Reviewing A Lovely Sunday for Creve Coeur, one in a long string of Tennessee Williams’s later flops, New York Magazine critic John Simon suggested in 1979 that “the kindest thing to assume is that Williams died shortly after completing Sweet Bird of Youth”—in other words, 20 years earlier. While Simon’s acidic tone was characteristically outrageous, he was voicing what many critics at the time were thinking: that something had gone wrong with Williams circa 1960. This impression was not solely based on aesthetics but was also informed by the playwright’s personal decline over these years, into substance abuse and erratic behavior. Perhaps even fans could not be blamed for wishing he had made his final exit when he was regarded as Broadway’s greatest poet, rather than ending up as a lonely 71-year-old man found dead on the floor of a Manhattan hotel room after an all-night binge of boozing and pill-popping.
Williams’s less-than-dignified end has inevitably clouded many assessments of his legacy, despite the enduring esteem for most of his work between The Glass Menagerie in 1945 and The Night of the Iguana in 1961. The lack of a major biography that might offer more context for understanding those later years has only made the problem worse. Lyle Leverich’s Tom: The Unknown Tennessee Williams, though widely acclaimed upon its publication in 1995, only covers the playwright’s life up through the opening of Menagerie, when he was 34. At last, with the long-awaited arrival of John Lahr’s Tennessee Williams: Mad Pilgrimage of the Flesh, a fuller account of the playwright’s entire life can finally emerge.
Anyone hoping for a sunnier picture of that life from Lahr, though, will be disappointed. This is a fairly depressing book. But it is also so bracingly truthful and exhaustively detailed about its subject that, for better or worse, it is a must-read for anyone seriously interested in this iconic American artist.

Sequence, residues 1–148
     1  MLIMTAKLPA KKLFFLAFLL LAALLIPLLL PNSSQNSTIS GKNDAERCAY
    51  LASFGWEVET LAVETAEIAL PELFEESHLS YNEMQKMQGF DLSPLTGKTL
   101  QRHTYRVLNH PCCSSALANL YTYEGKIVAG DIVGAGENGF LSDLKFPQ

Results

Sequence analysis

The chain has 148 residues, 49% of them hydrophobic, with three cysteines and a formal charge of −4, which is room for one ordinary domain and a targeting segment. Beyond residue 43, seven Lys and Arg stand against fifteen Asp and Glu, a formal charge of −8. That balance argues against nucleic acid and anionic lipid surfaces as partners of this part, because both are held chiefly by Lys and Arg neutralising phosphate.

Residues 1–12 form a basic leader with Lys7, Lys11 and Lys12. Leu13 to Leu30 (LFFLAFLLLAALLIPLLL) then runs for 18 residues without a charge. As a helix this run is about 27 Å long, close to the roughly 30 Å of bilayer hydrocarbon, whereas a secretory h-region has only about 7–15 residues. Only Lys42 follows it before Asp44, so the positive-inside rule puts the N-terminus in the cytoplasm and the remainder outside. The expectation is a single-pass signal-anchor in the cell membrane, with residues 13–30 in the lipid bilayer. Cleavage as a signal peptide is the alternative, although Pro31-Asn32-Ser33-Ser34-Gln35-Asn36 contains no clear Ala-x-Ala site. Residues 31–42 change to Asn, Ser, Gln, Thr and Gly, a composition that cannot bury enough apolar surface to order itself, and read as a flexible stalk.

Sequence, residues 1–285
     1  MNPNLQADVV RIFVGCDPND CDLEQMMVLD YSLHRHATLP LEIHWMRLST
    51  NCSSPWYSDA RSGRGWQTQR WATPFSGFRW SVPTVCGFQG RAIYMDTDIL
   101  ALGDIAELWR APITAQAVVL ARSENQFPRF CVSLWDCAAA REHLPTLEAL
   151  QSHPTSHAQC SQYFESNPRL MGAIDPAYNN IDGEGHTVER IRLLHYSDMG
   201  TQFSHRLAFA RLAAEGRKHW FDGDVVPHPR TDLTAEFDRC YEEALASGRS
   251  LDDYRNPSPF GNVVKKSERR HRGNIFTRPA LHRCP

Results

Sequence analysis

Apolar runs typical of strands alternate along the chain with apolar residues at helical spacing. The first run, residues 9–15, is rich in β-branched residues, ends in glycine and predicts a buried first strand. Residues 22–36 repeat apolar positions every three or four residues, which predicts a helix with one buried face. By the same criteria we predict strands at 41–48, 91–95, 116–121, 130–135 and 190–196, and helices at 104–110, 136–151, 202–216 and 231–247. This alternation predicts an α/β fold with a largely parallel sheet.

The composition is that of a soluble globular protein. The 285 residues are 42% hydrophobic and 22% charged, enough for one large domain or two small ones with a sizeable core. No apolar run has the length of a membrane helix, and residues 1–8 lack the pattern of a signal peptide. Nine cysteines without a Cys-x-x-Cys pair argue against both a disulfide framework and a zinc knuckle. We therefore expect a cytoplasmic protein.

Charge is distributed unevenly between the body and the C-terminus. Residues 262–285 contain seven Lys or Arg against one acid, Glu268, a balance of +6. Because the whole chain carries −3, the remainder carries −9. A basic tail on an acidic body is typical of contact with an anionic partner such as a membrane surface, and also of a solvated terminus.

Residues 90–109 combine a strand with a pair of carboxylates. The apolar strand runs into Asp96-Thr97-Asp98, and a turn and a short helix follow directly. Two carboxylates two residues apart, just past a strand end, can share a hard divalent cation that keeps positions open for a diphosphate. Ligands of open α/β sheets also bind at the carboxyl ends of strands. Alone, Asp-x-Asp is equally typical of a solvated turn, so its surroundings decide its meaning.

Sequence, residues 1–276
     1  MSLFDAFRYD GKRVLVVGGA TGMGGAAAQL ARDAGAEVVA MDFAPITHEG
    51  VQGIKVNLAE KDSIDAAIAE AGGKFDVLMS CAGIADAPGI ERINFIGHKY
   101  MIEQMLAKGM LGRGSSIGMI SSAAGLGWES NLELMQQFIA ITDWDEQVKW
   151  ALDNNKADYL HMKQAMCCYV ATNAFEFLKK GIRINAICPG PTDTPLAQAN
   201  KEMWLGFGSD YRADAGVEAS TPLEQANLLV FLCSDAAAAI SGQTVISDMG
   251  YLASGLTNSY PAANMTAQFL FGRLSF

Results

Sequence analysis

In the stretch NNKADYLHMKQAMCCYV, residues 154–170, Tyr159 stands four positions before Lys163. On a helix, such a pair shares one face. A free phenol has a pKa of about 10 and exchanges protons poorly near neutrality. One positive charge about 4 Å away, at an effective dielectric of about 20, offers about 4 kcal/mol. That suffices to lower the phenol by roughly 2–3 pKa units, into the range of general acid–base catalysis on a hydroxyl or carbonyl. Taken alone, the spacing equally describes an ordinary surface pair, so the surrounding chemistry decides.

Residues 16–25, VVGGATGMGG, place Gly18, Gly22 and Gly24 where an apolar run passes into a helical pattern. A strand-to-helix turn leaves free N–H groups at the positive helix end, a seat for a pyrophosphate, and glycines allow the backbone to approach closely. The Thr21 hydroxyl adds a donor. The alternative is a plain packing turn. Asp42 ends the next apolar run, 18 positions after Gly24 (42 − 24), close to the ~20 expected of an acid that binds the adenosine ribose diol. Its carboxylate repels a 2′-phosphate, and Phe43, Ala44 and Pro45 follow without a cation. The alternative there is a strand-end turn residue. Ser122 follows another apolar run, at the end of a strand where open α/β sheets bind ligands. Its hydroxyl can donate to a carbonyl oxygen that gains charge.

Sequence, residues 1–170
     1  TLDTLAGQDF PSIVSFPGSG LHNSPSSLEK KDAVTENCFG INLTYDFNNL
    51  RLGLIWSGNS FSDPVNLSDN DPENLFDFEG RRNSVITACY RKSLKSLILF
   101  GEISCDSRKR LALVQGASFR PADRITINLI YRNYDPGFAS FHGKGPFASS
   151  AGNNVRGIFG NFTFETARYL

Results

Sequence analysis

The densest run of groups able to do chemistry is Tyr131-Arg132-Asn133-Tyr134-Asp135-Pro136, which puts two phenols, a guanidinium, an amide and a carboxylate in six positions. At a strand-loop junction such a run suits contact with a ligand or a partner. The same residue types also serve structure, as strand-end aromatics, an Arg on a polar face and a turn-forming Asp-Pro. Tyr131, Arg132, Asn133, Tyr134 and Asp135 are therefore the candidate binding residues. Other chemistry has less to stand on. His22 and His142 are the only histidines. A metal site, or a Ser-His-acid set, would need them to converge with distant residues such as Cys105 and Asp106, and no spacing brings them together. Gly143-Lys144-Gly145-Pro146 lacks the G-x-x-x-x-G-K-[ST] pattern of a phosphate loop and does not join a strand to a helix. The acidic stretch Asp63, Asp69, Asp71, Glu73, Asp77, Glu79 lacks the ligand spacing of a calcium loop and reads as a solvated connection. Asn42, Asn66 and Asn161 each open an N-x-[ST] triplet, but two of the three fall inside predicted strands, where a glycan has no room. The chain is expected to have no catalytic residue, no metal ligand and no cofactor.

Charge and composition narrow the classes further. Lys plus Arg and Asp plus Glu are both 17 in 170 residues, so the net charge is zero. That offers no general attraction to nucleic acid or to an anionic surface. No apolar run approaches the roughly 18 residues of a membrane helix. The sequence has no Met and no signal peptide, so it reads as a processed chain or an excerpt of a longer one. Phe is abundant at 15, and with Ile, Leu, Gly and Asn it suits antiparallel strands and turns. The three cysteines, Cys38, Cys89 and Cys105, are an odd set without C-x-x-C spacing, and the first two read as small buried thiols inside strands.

Initially, Lahr—until recently the longtime drama critic for the New Yorker—was supposed to write a sequel to Leverich’s book after that author died in 1999. But he eventually chose to produce his own stand-alone work, drawing in part on Leverich’s collected research and resources. Still, Mad Pilgrimage of the Flesh might as well be called Tom: Part Two, since only the first 60 of its 600 pages deal with the years before 1945, a choice reflecting Lahr’s greater interest in Williams’s career than in his origins—especially in the story of how he lost his way after achieving so much.
But if Williams’s early years are skimmed over here, his family history is always in the background as something to be escaped or atoned for. Lahr closely hews to Leverich’s definitive telling of Williams’s relationship with his sister Rose (and of her horrific lobotomy operation in 1943), but he also shows how much she haunted her brother’s plays far beyond her surrogate, Laura, in Glass Menagerie. The legacy of Williams’s parents—his puritanical mother and alcoholic, philandering father—also resurfaces throughout his work, Lahr claims, through the ever-present conflict between “indulgence and commitment, sensuality and soul.” Their repressive regime stunted Williams’s emotional and sexual development until independence, enabled by the success of his writing, finally liberated him to discover himself.
For Lahr, the confluence of Williams’s first hit play with the embrace of his sexuality marked a profound turning point, when “his writing became both a conscious and unconscious attempt to chart the unlearning of repression.” Where Menagerie “broadcast Williams’s romantic self,” in his next plays—especially A Streetcar Named Desire (1947) and Summer and Smoke (1948)—he “brought his own promiscuity and the forces that drove it into the center of the drama.”